Melanie Verwoerd

Melanie Verwoerd: The one thing we know for sure about the coronavirus

2020-03-04 06:00
A passenger wearing a protective face mask walks, after arriving from Shenzhen in China, at the OR Tambo International Airport in Johannesburg.

A passenger wearing a protective face mask walks, after arriving from Shenzhen in China, at the OR Tambo International Airport in Johannesburg. (Phill Magakoe, AFP)

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So as if the coronavirus isn’t enough it now turns out that lion bones from South Africa might be poisoning or infecting the Chinese with TB, writes Melanie Verwoerd

Between all the uncertainty about COVID-19 (the coronavirus), there is one thing that we know for sure: it originated from the cruel and inhumane trade of live wild animals.  

I'm always amazed at the arrogance of humans. We seem to think that we can control and plunder nature and torture animals without any negative consequences to the human race. 

Yet, we are seeing how our disregard for our natural surroundings is raising the earth's temperature causing floods, fires and the rising of the sea levels.

Scientists keep telling us that we are about eight years away from a point of no return, and yet we take almost no notice.  

Companies continue to pollute in the chase for profit.

We use and discard plastic that ends up suffocating our oceans and killing off our fish.

We consume at a rate that will almost certainly make this earth uninhabitable for future generations and we either participate in or allow unthinkable cruelty to animals.  

The point is that there are consequences. 

I will never be able to understand the psychology of hunting - of looking something beautiful in the eye and then killing it deliberately. I cannot stand cruelty to animals – of any kind.  

However, even if you don’t agree with my feelings or beliefs about animals, the coronavirus has yet again proven that nature can and will hit back.  

We now have an outbreak that we don’t seem to understand or are able to control. 

A virus that moves fast and that can be as, if not more, deadly than any form of plague we have ever known - all because of the trade and consumption of wild animals.  

Even the Chinese government has recognised this and has now made it illegal to trade in wildlilfe. 

The ban imposed on 24 February 2020 by the Standing Committee of the National People’s Congress (China's top legislature) covers all forms of wildlife consumption.

It is long overdue and hopefully it will last beyond this epidemic.  

Of course it is easy to think that this is all a Chinese story and that we as South Africans have no responsibility in it. Yet we do. 

According to TRAFFIC, between 2006 and 2015, almost 1.4-million live animals and plants, 1.5-million skins and two million kilograms of meat from CITES-listed species were exported from 41 African countries to 17 countries in East and Southeast Asia.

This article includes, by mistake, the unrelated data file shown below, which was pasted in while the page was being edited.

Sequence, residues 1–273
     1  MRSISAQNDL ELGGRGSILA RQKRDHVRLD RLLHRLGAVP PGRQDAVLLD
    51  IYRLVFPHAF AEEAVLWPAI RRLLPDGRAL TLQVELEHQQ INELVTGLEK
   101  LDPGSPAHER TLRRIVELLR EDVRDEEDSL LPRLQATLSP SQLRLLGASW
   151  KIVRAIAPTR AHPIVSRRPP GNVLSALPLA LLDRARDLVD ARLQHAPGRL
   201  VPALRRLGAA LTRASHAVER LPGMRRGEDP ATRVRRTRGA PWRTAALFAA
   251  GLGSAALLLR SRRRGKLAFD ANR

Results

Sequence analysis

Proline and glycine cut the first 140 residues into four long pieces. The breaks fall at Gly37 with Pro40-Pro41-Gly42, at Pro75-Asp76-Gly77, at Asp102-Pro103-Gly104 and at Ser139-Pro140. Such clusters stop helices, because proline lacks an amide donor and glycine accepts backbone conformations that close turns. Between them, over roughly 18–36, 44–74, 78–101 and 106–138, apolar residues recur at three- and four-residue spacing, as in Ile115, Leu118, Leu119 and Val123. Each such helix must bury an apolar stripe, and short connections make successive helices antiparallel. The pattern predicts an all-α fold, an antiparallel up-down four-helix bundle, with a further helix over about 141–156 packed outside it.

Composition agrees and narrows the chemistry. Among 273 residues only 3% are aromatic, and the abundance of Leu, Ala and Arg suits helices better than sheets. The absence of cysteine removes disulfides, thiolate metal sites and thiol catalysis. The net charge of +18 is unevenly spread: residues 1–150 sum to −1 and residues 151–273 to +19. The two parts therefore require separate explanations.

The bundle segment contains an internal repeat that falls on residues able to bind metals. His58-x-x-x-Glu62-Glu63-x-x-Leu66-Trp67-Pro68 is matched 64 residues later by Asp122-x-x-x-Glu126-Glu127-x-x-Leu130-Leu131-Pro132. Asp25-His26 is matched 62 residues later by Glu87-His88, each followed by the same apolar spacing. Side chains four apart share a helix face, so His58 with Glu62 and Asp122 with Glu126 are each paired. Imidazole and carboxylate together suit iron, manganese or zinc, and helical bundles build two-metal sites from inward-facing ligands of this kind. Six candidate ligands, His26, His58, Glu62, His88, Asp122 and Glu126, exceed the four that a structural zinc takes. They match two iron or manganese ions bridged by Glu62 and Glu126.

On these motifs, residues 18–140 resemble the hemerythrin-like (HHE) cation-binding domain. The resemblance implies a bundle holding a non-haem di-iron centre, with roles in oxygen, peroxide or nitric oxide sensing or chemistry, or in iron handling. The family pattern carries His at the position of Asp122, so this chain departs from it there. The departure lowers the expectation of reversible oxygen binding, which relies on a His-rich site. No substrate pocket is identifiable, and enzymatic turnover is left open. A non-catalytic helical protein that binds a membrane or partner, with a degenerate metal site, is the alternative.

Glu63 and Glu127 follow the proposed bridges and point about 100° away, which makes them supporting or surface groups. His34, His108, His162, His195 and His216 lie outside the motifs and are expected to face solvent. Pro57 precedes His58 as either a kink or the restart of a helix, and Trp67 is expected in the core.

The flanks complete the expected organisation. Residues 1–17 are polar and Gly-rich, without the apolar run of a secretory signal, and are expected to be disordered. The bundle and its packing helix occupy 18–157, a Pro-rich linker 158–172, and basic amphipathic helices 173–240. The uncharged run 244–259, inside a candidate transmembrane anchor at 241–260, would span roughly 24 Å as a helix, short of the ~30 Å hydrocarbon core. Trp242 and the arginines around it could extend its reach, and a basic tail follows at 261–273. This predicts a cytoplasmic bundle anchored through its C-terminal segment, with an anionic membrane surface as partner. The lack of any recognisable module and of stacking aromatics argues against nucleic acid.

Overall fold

South Africa proved to be the largest seller of live birds, mammals and plants. 

The lion bone industry is another example.

This is a truly disgraceful industry that is directly condoned by the Department of Environmental Affairs.

In 2017, the then Minister of Environmental Affairs, Edna Molewa, controversially, and in the face of vociferous opposition against this trade, set the annual export quota at 800 lion skeletons.

Then in 2018 Molewa, without stakeholder participation, took the decision to almost double the quota to 1 500 skeletons. 

The department would like us to believe that this is all part of "sustainable use" and even good for the lions' protection.

I think even a three-year-old would be able to grasp that breeding lions in captivity, keeping them in crowded cages and then killing them is not good for lions.  

However, it now seems, that we (humans) are also now… well, shooting ourselves in the foot.  

As Don Pinnock recently highlighted in an article on the lion bone trade, it turns out that these bones might carry high levels of TB and could be infused with dangerous tranquilisers used to pacify the animals before they’re shot.  

Veterinary scientists are warning that this could have serious health consequences for those in Asia who consume these bones.  

So as if the coronavirus isn’t enough it now turns out that lion bones from South Africa might be poisoning or infecting the Chinese with TB.  

The Chinese government's ban will stop the export of bones to China, but these bones also find their way to Vietnam, Korea and other Asian countries.  

According to Pinnock, both the Ministers of Health and Agriculture have been made aware of the potential danger, yet neither have responded.  

I certainly hope that Minister Pandor will also be informed of this, since this could potentially become a huge international scandal for South Africa.  

Those who profit handsomely from this horrible industry, will claim that they are not breaking any laws.

Possible poisonings aside, that might be true, but let's be clear that there is a bigger issue at stake here. 

The contemptuous way China has treated wildlife has resulted in thousands of deaths.

Corona will without doubt spread around the world including South Africa and thousands more will die globally.  

So even if not all of us care about animals, we should for the sake of humankind, insist on the banning of all wildlife trade immediately.  

- Melanie Verwoerd is a former ANC MP and South African Ambassador to Ireland

See www.melanieverwoerd.co.za



Read more on:    edna molewa  |  china  |  vietnam  |  wildlife  |  coronavirus  |  epidemic
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